Today's educational systems were built to foster obedient workers, and later to rank students to facilitate selection for higher education. Teaching is often structured not for learning but to generate a helpful basis for evaluation.
The focus on labels and categorisation has an adverse effect on learning.


We need to make the purpose of education to help our children and youth grow the skillsets and perspectives that are useful to them in life. In order to do this, we need to focus less on evaluation and ranking, and more on supporting teachers to learn what and how we need to teach today to increase our chances of a healthy planet with happy humans in the future. 


Young educational systems have an unprecedented opportunity to skip ahead of West European and North American relics by getting the WHAT and HOW of teaching right straight away. We can compare this to remote phone access.  By employing the right impactful tools we know of today, spouting African educational systems could become the role models for countries with ancient teaching traditions in Europe.


In 2018 alone, I have met thousands of teachers from all over the world. Not a single one of them said they chose their profession because they like evaluating students. Almost all of them share my passion for growth and learning. My research focuses on how to create the best possible learning environment and how to facilitate all students' learning. Two characteristics stand out as crucial for a learning space: that students feel safe, and that they have fun. To feel safe seems to be a fundamental part of opening up to learning. Safe to ask any questions and get a positive reaction, to share our ideas without the risk of being laughed at, and to try things out without being judged. If we define learning as creating new neural pathways, then some friction is exactly what we are looking for. When we challenge ourselves to do and understand new things new neurons fire together and gradually with repetition and experience new pathways emerge. Ideally, we look to create just the right level or amount of struggle. In practice this is hard and making sure students stay curious and are having fun is a great way to evoke the necessary engagement to push through when they face resistance or things do not work out the way they hoped for.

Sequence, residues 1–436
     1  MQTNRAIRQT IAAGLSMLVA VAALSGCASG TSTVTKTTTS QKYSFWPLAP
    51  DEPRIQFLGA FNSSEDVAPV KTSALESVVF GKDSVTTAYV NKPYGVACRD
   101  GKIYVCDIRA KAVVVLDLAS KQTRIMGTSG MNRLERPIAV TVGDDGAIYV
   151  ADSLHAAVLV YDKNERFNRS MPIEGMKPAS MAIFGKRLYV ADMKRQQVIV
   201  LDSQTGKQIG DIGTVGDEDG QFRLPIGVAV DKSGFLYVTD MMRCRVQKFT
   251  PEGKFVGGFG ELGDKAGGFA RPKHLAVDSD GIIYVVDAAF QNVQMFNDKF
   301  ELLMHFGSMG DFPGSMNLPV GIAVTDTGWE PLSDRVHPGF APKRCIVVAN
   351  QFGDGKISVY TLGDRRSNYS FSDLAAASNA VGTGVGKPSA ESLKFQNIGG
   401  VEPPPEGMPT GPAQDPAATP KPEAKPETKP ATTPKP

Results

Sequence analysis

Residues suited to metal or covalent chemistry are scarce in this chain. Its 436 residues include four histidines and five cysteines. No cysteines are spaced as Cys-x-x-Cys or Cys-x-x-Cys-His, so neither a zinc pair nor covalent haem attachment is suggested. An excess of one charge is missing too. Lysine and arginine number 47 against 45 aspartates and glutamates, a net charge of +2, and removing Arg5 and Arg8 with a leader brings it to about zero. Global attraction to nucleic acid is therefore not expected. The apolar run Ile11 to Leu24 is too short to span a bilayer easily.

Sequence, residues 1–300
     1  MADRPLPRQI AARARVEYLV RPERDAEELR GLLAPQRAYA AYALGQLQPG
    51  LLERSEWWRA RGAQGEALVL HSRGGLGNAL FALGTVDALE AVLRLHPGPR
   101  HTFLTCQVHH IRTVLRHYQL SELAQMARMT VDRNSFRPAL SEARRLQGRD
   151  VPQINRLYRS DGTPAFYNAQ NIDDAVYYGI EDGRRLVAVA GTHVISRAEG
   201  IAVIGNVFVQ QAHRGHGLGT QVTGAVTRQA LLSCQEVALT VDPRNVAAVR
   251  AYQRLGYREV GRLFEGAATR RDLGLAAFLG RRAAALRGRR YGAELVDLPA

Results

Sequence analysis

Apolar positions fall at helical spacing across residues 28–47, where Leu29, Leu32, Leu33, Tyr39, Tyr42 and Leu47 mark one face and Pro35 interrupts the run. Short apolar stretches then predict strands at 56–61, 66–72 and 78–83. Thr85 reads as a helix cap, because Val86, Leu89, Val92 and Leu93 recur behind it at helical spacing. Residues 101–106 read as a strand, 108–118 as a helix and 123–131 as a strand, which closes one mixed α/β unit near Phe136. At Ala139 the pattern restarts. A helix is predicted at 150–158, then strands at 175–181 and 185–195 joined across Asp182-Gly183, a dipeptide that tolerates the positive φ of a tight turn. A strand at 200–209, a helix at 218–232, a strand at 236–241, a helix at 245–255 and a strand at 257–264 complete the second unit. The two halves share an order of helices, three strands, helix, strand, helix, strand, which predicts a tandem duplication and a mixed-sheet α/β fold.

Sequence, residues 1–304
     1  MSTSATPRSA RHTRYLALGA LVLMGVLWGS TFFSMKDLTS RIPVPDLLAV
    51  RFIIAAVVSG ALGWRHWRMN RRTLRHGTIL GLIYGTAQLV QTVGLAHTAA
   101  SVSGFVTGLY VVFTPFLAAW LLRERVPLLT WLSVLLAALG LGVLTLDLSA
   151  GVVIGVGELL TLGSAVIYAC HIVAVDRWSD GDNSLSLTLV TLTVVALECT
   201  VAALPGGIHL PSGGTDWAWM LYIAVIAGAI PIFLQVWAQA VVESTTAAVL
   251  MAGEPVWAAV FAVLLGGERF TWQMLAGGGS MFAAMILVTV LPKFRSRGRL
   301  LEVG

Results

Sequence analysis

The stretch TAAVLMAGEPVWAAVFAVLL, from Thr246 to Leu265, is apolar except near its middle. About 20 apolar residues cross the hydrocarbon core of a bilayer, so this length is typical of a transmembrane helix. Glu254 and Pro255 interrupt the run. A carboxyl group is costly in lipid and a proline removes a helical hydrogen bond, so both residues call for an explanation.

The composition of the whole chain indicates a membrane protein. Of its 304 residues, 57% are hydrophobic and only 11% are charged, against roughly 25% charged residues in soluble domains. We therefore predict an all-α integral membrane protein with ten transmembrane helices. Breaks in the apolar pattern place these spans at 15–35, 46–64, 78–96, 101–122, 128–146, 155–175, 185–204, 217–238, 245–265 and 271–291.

The teacher is paramount in providing both a safe classroom of fun-filled experiences, as well as to offer the necessary guidance for students to reflect on what experiments they are about to design, as well as their outcome. As technology emerges in all areas of our lives, teachers, more than ever before, need to be humans. Teachers' experience and wisdom on how to relate to ourselves and to others may become as important as their in-depth subject knowledge.


The needs for knowing things by heart does not vanish with smartphones, the collective data available online and sophisticated search engines at our hands. On the contrary, in a world of increasing complexity, where the number of researchers and the knowledge they acquire is racing - it is fundamental that we have a lot of basic facts at hand in order to be able to critically question, take in, analyse and reflect on the implications of new discoveries. Should we first need to look up where a country is located, what historic events the data relates to because we stay a tabula rasa rather than 

Knowing the multiplication tables by heart is a predictor of how well we will do in math later on, supposedly both because we save time by not getting stuck on basic calculations... 


The role of the teacher

Many teachers feel pressured to learn more about everything in order to keep up with their students...

Understanding how we learn

On my journey to learn about learning I focused both on the process of learning and the learning environment... 

Believing in our own potential

A great way to introduce challenging subjects is actually not to head straight for the topic itself but to first take students on a tour of their own nervous system. Myths about who is predisposed for what are never helpful. But to understand that we can, in fact, learn almost anything we want, why we will benefit from sticking to it, and how to increase our chances of persevering will forever change our ability to learn and to grow..

Competing with distractions

Many students in affluent countries across the world are growing up as what has been labeled digital natives...